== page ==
Thursday, May 31, 2007

Creel- it seemed like a good idea at the time

(...and how I wet my pants)

I arrived in Hidalgo del Parral at nightfall, always the best time to arrive in a city and eventually found an expensive hotel for $18. It would have been $14 but I opted for the telly option. I watched a fairly trashy movie where the happless high school kids get chased around the countryside by a psycho in a Kenworth Freightliner, the main truck you see here. I couldn`t help wondering how it even caught up with them in the first place, these things are usually doing 15mph crawling down hills.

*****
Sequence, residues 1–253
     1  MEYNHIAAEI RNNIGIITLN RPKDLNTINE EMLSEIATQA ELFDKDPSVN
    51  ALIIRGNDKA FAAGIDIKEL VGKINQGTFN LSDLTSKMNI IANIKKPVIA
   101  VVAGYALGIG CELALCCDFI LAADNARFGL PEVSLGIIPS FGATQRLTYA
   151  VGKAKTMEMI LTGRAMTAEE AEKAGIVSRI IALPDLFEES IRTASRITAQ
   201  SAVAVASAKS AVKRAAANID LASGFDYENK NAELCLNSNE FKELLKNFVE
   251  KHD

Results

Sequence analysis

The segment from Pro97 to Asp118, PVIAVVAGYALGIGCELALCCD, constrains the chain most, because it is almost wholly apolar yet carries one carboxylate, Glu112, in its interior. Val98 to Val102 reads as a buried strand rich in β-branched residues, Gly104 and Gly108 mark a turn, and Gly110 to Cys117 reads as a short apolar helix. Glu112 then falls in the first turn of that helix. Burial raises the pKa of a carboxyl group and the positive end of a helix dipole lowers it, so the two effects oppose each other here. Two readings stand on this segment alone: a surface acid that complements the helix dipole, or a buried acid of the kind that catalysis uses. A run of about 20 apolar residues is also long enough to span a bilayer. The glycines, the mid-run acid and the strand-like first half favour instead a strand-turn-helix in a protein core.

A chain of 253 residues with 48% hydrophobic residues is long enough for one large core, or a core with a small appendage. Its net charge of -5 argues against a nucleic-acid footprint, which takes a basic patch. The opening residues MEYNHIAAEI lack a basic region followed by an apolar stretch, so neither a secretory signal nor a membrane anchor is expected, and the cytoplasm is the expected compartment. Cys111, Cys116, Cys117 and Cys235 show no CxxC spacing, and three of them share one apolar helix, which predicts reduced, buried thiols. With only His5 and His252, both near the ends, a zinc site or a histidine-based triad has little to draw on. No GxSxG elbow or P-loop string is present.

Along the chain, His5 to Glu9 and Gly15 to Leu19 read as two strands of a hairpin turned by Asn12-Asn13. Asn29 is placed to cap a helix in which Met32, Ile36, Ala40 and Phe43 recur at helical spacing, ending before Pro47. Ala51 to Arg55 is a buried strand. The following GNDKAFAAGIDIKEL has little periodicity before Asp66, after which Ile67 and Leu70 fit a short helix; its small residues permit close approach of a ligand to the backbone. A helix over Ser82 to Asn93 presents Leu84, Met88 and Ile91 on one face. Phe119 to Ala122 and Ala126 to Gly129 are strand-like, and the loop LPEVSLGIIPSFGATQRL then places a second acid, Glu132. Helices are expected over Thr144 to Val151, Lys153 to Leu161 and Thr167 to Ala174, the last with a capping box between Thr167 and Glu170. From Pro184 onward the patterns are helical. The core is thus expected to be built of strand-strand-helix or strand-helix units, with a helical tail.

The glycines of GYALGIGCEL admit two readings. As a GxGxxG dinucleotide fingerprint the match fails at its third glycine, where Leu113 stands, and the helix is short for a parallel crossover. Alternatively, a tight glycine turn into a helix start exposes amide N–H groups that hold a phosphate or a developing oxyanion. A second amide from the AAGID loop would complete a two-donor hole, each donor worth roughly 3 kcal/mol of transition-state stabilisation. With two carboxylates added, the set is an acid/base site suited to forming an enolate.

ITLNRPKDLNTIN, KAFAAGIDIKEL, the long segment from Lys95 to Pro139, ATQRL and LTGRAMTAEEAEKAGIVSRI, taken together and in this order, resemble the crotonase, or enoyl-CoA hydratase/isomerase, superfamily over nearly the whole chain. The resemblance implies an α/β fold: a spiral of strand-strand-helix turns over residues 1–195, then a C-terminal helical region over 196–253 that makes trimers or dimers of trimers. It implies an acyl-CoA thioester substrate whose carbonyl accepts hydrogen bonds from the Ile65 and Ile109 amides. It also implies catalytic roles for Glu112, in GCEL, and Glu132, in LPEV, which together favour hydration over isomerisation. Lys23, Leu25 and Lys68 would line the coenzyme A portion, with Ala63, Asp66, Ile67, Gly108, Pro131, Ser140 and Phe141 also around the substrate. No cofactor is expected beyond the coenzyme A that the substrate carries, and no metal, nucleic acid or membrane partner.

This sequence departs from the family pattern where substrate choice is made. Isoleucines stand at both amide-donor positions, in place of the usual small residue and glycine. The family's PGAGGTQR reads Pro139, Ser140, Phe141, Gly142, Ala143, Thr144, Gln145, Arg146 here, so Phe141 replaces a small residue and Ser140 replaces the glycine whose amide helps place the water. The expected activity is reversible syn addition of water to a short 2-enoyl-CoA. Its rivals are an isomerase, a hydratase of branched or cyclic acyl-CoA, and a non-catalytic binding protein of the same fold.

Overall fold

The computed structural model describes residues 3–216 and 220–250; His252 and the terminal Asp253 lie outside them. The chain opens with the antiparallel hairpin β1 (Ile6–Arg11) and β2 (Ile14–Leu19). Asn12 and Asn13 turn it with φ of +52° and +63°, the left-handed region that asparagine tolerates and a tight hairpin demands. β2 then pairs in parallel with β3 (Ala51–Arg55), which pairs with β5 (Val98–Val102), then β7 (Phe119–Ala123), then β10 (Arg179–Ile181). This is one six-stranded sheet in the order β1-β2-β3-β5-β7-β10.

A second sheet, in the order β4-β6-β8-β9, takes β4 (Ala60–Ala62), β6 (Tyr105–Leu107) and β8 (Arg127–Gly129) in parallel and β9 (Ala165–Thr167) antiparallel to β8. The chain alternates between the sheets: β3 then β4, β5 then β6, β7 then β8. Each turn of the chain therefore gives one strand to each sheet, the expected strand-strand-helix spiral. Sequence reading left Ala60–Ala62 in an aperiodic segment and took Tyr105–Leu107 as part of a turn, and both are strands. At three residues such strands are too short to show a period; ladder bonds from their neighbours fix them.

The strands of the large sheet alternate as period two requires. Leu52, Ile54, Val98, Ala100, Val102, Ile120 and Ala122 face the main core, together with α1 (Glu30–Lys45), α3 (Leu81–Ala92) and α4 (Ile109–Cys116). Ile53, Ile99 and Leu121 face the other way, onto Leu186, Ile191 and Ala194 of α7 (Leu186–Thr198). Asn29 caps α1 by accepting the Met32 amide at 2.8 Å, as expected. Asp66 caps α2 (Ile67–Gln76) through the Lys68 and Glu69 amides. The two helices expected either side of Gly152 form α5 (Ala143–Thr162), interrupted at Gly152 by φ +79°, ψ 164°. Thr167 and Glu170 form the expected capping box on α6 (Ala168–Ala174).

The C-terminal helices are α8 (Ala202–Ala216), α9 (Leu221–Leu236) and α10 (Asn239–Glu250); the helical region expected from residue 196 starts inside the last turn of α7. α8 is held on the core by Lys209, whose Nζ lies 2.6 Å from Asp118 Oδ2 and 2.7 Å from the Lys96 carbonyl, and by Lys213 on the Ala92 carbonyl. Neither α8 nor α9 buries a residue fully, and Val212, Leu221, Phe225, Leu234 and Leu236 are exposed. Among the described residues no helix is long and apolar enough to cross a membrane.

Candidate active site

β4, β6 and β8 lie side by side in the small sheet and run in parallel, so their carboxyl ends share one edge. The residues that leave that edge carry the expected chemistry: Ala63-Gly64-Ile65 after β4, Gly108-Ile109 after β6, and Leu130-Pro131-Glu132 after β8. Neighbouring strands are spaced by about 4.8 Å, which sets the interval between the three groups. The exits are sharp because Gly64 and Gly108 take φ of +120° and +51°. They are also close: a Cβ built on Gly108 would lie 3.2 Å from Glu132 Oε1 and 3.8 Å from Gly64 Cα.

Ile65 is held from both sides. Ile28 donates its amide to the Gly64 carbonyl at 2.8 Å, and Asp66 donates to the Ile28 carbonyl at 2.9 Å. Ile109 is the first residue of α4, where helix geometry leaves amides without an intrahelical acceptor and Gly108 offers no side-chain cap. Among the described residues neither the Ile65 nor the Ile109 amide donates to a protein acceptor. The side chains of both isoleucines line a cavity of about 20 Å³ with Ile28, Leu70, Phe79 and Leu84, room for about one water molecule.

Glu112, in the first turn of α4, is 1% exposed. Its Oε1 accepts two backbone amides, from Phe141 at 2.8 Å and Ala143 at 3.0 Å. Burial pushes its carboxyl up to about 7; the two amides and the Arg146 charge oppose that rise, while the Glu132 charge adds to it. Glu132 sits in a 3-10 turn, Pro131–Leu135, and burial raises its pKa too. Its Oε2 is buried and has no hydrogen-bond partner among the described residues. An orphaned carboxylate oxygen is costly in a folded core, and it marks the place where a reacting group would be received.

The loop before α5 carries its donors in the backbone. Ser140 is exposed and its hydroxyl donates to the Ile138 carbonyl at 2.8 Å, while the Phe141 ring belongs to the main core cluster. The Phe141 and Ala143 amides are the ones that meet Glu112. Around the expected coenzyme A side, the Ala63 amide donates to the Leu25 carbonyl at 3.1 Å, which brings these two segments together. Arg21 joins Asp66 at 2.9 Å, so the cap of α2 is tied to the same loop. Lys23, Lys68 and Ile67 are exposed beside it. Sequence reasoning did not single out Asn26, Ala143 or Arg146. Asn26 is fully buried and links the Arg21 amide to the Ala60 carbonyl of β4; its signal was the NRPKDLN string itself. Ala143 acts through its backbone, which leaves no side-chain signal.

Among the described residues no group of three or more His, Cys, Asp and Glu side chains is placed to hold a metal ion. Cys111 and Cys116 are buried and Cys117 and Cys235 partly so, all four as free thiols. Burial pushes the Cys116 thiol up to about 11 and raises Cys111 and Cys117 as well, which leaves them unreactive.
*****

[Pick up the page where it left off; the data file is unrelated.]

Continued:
Anyway, I digress. There didn`t seem to be too much happening in Creel and as I`d splashed out on watching that rubbish movie the previous night, I need to save some cash so its off to the camp site for me. The site is split into two, on one side the cabaƱas and on the other, the RV parkground. I can only see two groups, an Icelandic couple in a German registered truck and some Americans in the biggest RV I`ve ever seen, actually a bit more like a rock stars tourbus. While I was attenpting to set up my tent on the concrete-like soil, a couple of American kids came over and offer to help. They asked me if I was a `survival guy`, a strange question but I replied, not really, I`m more of a hotel guy. I declined their offer of help as that would have just been embarassing and a couple of minutes later, a woman with the rock star tourbus invited me to join them round their campfire later.